The Witness Stones Project™ is an educational initiative whose mission is to restore the history and honor the humanity of the enslaved individuals who helped build our communities.
The Project provides local archival research, professional teacher development, a classroom curriculum, and public programming to help students discover and chronicle the local history of slavery. The final component of the work in each community is the placement of Witness Stone Memorials™ that honor enslaved individuals where they lived, worked, or worshiped.
Inspired by the Stolpersteine project, and with its blessing, the Project began in Guilford, Connecticut, in 2017, and became a 501(c)(3) in October 2019. In five years, the Project has partnered with 103 schools, churches, and civic organizations in across 5 states. More than 11,000 middle and high school students and their communities have participated in the Project.
The Project has been lauded as a rigorous and transformative program. Congresswoman Rosa DeLauro praised it for “bringing together the community to learn, to heal, and to grow,” while Connecticut Department of Education Social Studies Coordinator Stephen Armstrong described it as “the perfect program for what we would like to promote at the State Department of Education.” In 2022, the Project was honored by Connecticut Explored as a Game Changer that “advances the way we study, interpret, and disseminate Connecticut history.”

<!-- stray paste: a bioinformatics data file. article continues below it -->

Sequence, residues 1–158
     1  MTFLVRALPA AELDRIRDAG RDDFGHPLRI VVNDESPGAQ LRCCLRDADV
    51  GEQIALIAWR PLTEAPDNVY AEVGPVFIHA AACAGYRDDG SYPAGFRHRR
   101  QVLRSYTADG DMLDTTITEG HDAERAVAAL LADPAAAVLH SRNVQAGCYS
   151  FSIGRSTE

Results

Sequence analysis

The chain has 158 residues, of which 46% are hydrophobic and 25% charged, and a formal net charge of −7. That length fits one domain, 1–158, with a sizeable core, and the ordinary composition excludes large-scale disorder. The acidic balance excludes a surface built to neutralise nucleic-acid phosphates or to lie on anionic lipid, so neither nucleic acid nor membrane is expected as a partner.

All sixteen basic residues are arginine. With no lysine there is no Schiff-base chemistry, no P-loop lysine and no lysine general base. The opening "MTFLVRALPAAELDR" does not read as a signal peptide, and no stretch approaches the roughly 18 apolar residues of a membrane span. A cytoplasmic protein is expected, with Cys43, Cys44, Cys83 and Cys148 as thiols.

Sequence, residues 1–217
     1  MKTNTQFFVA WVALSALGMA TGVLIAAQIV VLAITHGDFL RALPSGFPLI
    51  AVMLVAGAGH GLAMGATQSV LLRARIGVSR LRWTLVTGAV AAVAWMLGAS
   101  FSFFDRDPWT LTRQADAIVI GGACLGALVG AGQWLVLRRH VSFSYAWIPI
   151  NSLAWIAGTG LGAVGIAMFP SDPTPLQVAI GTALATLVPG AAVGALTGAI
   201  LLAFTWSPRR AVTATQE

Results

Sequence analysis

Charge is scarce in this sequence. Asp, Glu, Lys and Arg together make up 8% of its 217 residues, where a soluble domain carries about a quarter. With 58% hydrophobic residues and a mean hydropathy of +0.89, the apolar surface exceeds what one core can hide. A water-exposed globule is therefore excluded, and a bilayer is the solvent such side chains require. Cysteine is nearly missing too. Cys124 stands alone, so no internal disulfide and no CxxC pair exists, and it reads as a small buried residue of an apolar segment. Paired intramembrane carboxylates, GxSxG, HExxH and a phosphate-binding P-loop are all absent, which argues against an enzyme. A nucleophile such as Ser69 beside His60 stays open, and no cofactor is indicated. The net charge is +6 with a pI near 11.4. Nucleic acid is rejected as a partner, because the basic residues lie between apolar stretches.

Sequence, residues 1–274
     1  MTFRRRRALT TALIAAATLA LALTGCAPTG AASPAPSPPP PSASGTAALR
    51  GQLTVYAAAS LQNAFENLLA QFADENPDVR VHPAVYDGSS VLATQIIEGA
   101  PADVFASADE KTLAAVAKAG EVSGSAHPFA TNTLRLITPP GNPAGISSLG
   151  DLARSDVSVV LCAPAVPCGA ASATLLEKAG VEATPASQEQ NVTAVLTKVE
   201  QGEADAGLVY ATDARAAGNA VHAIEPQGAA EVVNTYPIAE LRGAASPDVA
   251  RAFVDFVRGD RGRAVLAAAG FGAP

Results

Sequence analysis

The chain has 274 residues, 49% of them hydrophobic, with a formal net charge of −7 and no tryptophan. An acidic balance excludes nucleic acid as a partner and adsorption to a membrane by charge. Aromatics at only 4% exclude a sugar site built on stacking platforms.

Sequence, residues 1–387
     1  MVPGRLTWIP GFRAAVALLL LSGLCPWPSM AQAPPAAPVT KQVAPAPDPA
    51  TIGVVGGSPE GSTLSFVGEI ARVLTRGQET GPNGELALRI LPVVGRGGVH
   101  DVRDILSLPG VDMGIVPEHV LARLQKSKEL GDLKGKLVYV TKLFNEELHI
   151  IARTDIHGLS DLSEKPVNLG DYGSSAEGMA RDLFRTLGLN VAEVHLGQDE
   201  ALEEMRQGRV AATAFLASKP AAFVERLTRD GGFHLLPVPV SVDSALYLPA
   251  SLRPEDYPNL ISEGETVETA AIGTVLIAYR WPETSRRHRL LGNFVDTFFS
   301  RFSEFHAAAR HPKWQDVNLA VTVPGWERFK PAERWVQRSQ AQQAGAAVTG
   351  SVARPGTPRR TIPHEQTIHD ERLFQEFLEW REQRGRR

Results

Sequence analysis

We have partnered with Central Connecticut State University to support our research and curriculum development, and with the Northeast Slavery Records Index to archive and share our research.
The Project has been supported financially by school fees, individual donations, local grants, and countless volunteer hours. We are now seeking philanthropic support so that we can continue reach every interested community, regardless of the local resources. Our vision is communities committed to learning their history, dismantling current inequities, and building a just future.